What is Occupational Therapy?

Occupational Therapy (OT) is concerned with a child’s ability to participate in daily life activities or ‘occupations’.

“The occupation of children is to thrive”

Children have many important occupations.

Occupation refers to all the tasks or activities that a person either:

• Wants to do (interests, hobbies, play)
• Has to do (e.g. eat, toilet, dress)
• Is expected to do (reading, writing, academics)

Occupational Therapy aims to help a person achieve success in their life occupations. It focuses on the main occupations of:

• School (e.g. writing, reading, fine motor skills, learning, attention, behaviour)
• Home tasks (e.g. fitting in with family life, homework, getting self ready)
• Play (e.g. imaginative play, social interaction, gross motor skills)
• Self-care ( e.g. bathing, dressing, eating, cutlery use, organising self)
• Work (preparing a person to be able to effectively engage in education/ workplace)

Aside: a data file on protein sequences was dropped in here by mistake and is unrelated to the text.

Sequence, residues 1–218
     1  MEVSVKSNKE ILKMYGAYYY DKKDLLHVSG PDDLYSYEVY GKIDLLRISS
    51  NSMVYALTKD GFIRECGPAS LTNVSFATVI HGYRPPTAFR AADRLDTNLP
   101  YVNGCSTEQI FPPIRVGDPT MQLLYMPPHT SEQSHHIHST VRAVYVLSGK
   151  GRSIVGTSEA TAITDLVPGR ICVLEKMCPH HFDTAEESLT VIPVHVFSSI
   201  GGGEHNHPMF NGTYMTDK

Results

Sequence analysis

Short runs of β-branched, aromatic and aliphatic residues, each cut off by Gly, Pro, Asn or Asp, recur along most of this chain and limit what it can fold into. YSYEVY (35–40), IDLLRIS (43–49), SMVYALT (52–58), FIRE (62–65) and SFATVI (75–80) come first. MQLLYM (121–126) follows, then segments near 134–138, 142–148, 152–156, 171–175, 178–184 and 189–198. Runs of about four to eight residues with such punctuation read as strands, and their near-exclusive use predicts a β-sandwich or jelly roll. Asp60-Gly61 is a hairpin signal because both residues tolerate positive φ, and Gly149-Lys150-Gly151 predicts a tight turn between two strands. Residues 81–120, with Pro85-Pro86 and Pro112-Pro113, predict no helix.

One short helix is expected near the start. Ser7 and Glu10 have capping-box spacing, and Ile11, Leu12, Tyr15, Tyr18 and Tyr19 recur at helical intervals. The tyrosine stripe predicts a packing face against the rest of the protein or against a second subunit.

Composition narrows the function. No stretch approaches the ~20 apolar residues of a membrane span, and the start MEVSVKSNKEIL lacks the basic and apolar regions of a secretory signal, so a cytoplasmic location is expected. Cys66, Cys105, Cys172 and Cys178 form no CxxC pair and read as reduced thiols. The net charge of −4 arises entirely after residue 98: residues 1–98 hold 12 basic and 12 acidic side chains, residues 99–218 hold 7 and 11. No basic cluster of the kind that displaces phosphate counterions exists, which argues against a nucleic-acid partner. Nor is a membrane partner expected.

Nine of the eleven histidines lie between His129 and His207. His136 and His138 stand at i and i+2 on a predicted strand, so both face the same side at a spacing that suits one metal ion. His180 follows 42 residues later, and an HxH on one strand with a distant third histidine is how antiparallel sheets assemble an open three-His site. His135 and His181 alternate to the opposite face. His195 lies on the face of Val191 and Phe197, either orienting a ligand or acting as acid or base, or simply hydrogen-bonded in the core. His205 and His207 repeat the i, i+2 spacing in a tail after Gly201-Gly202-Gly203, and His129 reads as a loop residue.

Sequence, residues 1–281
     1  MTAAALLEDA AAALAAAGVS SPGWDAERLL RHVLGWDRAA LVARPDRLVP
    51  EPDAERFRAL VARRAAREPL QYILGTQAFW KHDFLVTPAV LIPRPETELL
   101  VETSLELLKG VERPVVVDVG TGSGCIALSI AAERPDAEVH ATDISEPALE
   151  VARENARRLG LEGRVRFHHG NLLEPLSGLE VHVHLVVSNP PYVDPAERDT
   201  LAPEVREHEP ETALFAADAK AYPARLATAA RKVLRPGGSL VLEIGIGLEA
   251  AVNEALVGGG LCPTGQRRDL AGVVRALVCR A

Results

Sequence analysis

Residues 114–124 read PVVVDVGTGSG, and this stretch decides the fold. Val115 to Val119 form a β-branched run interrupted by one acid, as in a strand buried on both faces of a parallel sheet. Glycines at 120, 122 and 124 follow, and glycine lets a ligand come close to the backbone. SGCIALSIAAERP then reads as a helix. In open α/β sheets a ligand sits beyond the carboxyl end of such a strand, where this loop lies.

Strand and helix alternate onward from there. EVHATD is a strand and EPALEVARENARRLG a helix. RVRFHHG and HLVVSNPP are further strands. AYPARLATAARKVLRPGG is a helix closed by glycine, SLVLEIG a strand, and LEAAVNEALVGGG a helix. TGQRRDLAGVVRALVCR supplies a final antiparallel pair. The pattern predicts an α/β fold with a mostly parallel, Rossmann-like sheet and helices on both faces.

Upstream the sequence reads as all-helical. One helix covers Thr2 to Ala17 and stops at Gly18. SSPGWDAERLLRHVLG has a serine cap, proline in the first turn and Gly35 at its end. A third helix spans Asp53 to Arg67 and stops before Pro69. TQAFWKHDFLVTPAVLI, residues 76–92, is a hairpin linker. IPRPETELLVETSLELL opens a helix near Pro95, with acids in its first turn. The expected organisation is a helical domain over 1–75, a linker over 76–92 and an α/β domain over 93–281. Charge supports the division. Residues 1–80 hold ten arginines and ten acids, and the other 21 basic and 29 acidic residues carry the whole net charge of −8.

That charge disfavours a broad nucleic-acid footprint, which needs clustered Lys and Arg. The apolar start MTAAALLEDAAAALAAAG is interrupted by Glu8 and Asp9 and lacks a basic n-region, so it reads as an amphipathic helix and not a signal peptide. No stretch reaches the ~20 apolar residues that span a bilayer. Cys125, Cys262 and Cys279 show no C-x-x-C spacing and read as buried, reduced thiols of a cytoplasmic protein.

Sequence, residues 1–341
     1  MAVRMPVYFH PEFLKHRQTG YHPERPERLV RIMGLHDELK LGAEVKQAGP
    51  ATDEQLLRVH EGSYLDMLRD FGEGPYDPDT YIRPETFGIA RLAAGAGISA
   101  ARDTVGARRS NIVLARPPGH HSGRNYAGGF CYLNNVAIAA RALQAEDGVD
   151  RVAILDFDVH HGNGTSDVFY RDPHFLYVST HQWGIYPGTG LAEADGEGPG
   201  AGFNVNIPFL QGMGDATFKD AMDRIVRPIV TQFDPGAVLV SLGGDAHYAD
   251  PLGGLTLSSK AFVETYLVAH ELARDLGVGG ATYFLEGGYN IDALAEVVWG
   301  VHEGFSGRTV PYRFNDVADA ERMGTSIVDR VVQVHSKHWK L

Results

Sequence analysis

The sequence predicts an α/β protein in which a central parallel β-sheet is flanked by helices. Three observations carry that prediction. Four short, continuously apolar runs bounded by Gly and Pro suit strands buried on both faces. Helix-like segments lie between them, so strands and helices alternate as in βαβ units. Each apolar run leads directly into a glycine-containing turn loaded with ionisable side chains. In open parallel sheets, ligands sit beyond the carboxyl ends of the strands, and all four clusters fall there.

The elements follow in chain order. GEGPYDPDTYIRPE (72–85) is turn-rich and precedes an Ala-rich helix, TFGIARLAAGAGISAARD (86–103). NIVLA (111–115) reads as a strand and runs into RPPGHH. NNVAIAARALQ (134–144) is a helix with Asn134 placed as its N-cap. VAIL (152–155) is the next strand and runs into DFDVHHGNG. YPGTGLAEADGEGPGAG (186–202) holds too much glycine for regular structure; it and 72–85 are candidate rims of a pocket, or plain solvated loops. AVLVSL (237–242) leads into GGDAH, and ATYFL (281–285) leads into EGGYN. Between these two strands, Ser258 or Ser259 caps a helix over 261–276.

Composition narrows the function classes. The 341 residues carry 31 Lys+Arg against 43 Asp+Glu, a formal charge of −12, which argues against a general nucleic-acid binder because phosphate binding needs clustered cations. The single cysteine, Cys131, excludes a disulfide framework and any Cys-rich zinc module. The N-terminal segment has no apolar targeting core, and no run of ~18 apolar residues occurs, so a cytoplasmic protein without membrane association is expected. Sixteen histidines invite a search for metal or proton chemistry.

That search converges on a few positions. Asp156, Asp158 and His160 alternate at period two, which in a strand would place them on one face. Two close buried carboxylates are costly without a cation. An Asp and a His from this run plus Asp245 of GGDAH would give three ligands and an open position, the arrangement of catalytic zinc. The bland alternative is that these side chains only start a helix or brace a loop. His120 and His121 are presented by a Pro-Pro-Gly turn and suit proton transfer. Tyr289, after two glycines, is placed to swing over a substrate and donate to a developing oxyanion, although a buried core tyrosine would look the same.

How Occupational Therapy will help

The Occupational Therapist will carefully analyse the sensory, physical, cognitive and behavioural aspects causing the child to have difficulties in his/her life occupations.

Intervention is then targeted at the weak areas to improve the underlying skills. Intervention looks at a combination of:

  • Education of families and child regarding the reasons for the difficulties.
  • Environmental modification where appropriate to help ensure that the child has the “just right” level of challenge to enable success.
  • Remediation of the underlying skills through clinic treatment and/ or home and school programming.